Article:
Ecotourism in the Developing World
As a form of tourism with smaller-scale infrastructural needs and less “sophisticated” consumer demands, ecotourism is ideally suited to the Developing World.  It does not necessitate multi-billion dollar investments.  Local, small businesses and entrepreneurs can successfully fulfill the demands of ecotourism, especially in the areas of lodging and food services.  As a result, ecotourism has become incredibly popular within the Developing World, particularly as a means of stimulating economic development.

Struggling with severe balance of payments difficulties, ecotourism provides these countries with the opportunity to earn foreign exchange without destroying their environmental resource base. For the most part, countries in the Developing World have something of a “comparative advantage” when it comes to ecotourism, in terms of the vast biodiversity and extent of pristine, natural environments in those countries.  According to the World Wildlife Fund for nature, that “comparative advantage” translated into nearly $12 billion in ecotourism revenues for Developing Countries in 1988.  Overall tourism earnings in the Developing World for 1998 were $55 billion (Cater, 71 The Earthscan Reader).  This segment of tourism is reported to have been growing at a rate of 10-15% per year, whereas mass tourism is said to average only a 4% annual growth rate.

Ecotourism’s popularity among Developing World countries has only increased since 1988, as evidenced by the proliferation of specialized ecotourism tour operators and by the increasing number of ecotourism conferences in those countries.  For many destinations within the Developing World, ecotourism is becoming the most important tourism market segment.

An Introduction to Ecotourism in Costa Rica

Costa Rica is one Developing Country that has taken advantage of and benefited from the promotion of ecotourism.  That success is illustrated in a variety of ways.  For example, since 1964, tourism revenues in Costa Rica have grown significantly as can be seen in Figure 1 (Tourism Transition in Costa Rica, 1964-1995, International Receipts).  In 1995 alone, Costa Rica generated $661 million in tourism receipts.

Similarly, from 1964-1995, international tourist stayover arrivals skyrocketed, as illustrated in Figure 2 (Tourism Transition in Costa Rica, 1965-1995, International Stayover Arrivals, Source:  Europa World Yearbook Selected Years.  Taken from Ecotourism in the Less Developed World by D.B. Weaver).   A comparative analysis of select tourism destinations in the Caribbean Basin highlights the fact that, despite its relatively small size (51, 100 sq. km), Costa Rica attracts a significant portion of tourism to that region of the world (refer to Figure 3). (Tourist Stayovers in Select Caribbean Basin Destinations, 1989,  Source:  Europa World Yearbook Selected Years.  Taken from Ecotourism in the Less Developed World by D.B. Weaver).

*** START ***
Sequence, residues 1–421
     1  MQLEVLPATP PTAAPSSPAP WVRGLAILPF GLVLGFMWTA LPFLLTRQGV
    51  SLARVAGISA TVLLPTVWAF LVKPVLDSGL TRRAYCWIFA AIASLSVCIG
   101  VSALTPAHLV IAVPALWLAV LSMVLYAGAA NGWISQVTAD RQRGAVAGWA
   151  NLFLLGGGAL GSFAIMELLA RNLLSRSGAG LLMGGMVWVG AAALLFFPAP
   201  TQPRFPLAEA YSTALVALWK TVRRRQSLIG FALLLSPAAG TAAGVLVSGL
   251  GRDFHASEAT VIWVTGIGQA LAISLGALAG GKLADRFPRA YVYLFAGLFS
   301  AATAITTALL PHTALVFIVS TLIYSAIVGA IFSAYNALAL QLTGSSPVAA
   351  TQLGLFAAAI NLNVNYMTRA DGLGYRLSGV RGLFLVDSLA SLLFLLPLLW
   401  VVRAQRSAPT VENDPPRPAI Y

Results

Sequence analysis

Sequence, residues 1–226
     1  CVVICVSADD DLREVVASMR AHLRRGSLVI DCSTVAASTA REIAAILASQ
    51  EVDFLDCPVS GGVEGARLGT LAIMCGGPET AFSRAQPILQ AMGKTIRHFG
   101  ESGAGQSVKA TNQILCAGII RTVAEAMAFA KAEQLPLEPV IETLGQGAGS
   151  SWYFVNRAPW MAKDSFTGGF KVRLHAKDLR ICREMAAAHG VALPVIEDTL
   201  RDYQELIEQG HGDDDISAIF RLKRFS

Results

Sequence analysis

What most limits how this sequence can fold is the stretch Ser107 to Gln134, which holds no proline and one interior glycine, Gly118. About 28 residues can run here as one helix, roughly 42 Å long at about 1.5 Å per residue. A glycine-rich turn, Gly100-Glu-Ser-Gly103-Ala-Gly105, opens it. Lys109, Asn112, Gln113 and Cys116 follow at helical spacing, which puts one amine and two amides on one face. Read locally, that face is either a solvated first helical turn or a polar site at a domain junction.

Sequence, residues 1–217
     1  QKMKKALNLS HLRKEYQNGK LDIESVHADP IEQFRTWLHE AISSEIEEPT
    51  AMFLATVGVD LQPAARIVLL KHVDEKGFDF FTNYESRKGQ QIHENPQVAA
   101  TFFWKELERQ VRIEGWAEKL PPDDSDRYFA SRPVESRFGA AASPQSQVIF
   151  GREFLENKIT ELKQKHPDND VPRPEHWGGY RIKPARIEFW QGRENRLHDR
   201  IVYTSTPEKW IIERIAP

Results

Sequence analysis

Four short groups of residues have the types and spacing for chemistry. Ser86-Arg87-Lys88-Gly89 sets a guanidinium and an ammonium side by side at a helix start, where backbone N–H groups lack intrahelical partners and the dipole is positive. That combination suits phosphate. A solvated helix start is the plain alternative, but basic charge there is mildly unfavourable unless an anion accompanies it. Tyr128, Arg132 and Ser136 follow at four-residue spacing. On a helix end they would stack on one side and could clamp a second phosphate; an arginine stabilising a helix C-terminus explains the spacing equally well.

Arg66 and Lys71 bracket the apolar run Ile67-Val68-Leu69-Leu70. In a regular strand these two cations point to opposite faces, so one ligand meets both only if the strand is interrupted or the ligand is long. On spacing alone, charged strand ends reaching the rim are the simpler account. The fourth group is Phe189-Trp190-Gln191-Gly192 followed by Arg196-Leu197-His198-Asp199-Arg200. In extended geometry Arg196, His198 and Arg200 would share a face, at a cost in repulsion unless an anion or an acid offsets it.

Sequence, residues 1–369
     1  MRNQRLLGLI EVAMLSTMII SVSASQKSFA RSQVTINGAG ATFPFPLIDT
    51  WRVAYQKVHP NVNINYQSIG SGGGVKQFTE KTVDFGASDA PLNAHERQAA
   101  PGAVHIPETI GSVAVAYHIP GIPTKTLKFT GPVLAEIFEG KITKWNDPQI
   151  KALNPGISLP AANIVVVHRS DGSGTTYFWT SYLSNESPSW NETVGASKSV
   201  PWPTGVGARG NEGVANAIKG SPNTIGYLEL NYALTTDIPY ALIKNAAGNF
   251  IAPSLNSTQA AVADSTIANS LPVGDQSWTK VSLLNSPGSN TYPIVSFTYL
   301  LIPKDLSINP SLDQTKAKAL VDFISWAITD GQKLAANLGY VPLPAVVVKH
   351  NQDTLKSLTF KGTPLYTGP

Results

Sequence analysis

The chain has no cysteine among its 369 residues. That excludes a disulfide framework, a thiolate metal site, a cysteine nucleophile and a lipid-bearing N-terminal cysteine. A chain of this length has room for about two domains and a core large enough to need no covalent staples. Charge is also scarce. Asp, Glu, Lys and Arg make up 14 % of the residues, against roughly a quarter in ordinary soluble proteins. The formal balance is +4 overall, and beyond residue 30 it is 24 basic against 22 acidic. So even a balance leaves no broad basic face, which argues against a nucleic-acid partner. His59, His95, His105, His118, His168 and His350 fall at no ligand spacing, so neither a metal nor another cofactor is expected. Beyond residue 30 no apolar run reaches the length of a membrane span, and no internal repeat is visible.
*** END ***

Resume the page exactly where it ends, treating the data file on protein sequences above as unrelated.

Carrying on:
Although most of the findings above reflect gains made within tourism as a whole in Costa Rica, it is reasonable to assume that a large percent of the general growth in tourism is the product of specific growth within the ecotourism sector, since that is the kind of tourism for which Costa Rica is known.  That point is substantiated by results from a survey conducted by the ICT (Costa Rican Institute of Tourism) during the peak travel season of 1986, when nearly 75% of tourists who were interviewed indicated that they had come to Costa Rica primarily because of its natural beauty.  36% stated that they had specifically come to Costa Rica to observe its nature.  For that year alone, nearly one-third of all peak-season tourists were ecotourists.  (Budowski, 52).

A similar informal survey conducted in 1995 indicated that over 40% of American and European (excluding German) visitors to Costa Rica came to the country for nature-related activities (refer to Figure 4, Purpose of Visit to Costa Rica, Selected Results of 1995 Visitor Survey, Source:  TTI, 1996d.  Taken from  Ecotourism in the Less Developed World by D.B. Weaver).

These facts about ecotourism in Costa Rica demonstrate the important role it has played in bolstering the country’s tourism industry.  However, a few questions persist.  For example, why is ecotourism so popular in Costa Rica?   What has made tourism the largest generator of foreign exchange there?  Why has the Costa Rican government so aggressively promoted ecotourism?  The following sections provide greater insight into these questions.

The Development of Ecotourism in Costa Rica
Around the same time the global environmental movement was galvanizing in the 1960’s, the Costa Rican government was being criticized for its environmental policies, or lack thereof.  Essentially, Costa Rica had no effective environmental policies, which was resulting in widespread deforestation of the countryside.  As a result, a number of scientists and environmentalists who had studied and experienced, first-hand, the spectacular biodiversity and variety of environments in the country began to apply pressure on the government to create more proactive, aggressive environmental preservation programs.  These same people began to lobby various international environmental organizations, such as the World Conservation Union (IUCN) and governments to intervene and take part in helping to protect the environment within Costa Rica.